Even though Gov. Nikki Haley signed a bill into law this week that makes South Carolina the 49th state in the country – and the last state in the South – to limit texting while driving, some say the ban could have gone further to prevent distracted driving accidents.
The statewide ban passed the House 94-2 and the Senate 42-2 on June 4. On June 9, the governor signed the bill. It takes effect immediately and supersedes 19 local distracted driving ordinances that have been enacted across South Carolina, including Greenville, according to the Associated Press.
What Does the New Anti-Distracted Driving Law Accomplish?
As The State reports, the new law represents a compromise between House and Senate versions of bills that had been bandied about throughout this legislative session. You can read the final version of the bill that was signed by the governor, S.B. 459, by going here.
Some of the highlights of the new law are:
It applies to the use of hand-held “wireless communication devices” such as phones, personal digital assistants, tablets or other types of computers. It does not apply to the use of hands-free devices. That’s an important distinction.
It generally prohibits drivers of all ages from composing, sending or reading a text-based communication while operating a motor vehicle on South Carolina roads.
However, a driver may still text if the driver is:
- Lawfully parked or stopped
- Summoning emergency assistance
- Transmitting or receiving data as part of a digital dispatch system
- A public safety official (police, firefighter, EMS) performing his or her official duties
- Using a GPS device to navigate through traffic or obtain road conditions
- Using a hands-free wireless electronic device.
Law enforcement officers can pull over drivers for violating the ban. However, the officer can make the stop only if the officer has probable cause to believe the driver is violating the law based on the officer’s “clear and unobstructed view” of a person who is using a wireless electronic communication device to compose, send or read a text-based communication while operating the vehicle on a public street or highway.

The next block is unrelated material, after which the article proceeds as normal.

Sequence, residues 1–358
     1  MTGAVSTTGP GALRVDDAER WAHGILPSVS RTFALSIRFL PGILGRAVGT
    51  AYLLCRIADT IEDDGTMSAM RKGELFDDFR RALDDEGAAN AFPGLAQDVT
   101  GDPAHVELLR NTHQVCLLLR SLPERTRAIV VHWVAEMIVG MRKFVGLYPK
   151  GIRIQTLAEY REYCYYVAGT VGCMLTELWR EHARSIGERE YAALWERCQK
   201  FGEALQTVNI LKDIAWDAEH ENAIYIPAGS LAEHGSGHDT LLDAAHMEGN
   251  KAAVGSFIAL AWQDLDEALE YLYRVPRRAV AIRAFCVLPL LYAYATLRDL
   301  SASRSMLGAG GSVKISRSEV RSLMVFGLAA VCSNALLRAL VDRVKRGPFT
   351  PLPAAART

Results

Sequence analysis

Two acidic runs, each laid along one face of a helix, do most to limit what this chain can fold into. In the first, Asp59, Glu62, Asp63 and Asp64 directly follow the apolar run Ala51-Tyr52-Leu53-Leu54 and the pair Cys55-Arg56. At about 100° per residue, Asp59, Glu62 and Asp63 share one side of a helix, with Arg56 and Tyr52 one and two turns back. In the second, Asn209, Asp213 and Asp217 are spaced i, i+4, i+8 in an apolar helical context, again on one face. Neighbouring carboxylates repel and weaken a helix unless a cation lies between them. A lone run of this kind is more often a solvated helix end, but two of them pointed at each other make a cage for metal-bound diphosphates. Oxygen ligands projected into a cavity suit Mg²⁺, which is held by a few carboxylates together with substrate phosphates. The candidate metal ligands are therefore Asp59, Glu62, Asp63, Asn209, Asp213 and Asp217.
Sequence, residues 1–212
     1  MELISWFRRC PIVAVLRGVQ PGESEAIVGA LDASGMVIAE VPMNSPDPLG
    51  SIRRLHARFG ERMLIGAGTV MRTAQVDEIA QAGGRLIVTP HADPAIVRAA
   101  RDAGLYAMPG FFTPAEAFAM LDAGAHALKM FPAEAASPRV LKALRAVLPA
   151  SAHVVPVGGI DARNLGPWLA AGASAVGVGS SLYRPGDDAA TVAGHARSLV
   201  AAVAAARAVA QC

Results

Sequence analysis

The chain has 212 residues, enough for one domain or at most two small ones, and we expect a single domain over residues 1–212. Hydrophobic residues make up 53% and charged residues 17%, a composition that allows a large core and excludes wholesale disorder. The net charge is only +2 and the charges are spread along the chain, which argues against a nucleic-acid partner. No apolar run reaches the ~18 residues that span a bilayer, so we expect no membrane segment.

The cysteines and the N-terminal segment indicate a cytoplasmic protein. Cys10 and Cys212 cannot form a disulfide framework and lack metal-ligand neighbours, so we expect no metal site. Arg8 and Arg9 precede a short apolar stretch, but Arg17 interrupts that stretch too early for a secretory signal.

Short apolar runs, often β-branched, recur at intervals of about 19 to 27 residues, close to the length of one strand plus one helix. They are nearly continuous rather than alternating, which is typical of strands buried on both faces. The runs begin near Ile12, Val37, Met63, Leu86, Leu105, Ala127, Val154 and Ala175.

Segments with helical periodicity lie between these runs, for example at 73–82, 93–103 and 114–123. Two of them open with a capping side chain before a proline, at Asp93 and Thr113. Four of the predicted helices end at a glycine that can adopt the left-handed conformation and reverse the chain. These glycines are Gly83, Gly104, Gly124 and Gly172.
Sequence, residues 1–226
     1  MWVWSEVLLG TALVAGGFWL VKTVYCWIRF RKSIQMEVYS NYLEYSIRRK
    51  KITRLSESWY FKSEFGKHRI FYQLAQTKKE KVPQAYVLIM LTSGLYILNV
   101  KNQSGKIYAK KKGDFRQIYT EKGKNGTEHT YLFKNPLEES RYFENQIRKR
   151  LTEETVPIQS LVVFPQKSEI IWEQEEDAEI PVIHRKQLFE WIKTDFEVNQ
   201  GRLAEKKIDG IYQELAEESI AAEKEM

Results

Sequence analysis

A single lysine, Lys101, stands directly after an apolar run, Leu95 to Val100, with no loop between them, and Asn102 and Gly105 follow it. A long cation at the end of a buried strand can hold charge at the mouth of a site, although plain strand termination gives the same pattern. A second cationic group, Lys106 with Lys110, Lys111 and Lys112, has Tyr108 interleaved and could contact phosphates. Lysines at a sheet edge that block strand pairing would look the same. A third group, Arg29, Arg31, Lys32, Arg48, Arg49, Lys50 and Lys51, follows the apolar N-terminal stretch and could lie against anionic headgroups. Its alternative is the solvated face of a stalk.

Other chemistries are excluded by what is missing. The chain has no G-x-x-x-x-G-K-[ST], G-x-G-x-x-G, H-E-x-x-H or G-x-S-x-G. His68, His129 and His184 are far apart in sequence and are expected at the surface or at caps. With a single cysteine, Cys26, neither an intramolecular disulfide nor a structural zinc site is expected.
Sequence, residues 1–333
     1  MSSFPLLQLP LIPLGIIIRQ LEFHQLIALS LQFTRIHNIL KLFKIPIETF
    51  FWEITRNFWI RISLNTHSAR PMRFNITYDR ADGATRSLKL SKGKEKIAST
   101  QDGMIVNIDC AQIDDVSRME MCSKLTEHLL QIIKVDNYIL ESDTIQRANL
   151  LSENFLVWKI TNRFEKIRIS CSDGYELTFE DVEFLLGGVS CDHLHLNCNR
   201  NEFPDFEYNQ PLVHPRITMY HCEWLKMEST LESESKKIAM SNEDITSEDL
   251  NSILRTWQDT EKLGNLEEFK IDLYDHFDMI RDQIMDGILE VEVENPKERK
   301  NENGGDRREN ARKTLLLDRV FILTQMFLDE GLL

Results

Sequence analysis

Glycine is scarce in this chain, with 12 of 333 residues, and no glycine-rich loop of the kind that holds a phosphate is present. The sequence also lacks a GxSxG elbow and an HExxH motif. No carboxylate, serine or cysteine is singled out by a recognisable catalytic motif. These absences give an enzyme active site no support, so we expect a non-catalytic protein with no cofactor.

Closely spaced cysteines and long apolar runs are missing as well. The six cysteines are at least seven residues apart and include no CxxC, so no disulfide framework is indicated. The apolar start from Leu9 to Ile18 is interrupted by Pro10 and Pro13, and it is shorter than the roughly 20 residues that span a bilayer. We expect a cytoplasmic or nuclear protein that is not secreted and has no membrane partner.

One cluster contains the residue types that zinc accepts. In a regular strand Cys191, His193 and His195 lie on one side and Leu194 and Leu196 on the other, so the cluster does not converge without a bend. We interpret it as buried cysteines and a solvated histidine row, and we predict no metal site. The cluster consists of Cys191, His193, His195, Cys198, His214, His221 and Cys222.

The officer cannot not seize, search, view or require forfeiture of the device.
For the first 180 days after the ban takes effect, police can only issue warning tickets. After that period, a first-time violation will carry a $25 fine. Repeat violations will carry a $50 fine. A violation is not a criminal offense.
Does the Texting While Driving Ban Go Far Enough?
Distracted driving has become a serious public safety issue. In fact, in 2014, 3,179 people were killed and 431,000 people were injured in the U.S., according to the latest numbers from Distraction.gov, the U.S. government’s official website for distracted driving.
For this reason, many welcome the new law in South Carolina and see it as a progressive step to reduce or eliminate distracted driving crashes in our state. At the very least, it can be seen as recognition by lawmakers that it is unreasonable to text while driving.
Tom Crosby, a AAA Carolinas spokesman, told The State that he thinks the bill could especially have a deterrent effect among young drivers.
However, there are valid arguments that the law does not go far enough. For instance, it only prohibits the use of hand-held devices. Many studies have shown that using hands-free devices can be dangerous as well.
Also, as Rep. B.R. Skelton (R-Six Mile) suggested to the Associated Press, a possibly more effective law would have banned talking on hand-held cell phones in addition to texting while driving.
It will be important to study the number of citations issued in the coming years, the age and gender of ticketed drivers and where the tickets are issued. This information will help in targeting anti-distracted driving messages in the future.
Additionally, it will be crucial to study whether a ban actually reduces texting accidents in our state or whether other measures should be considered.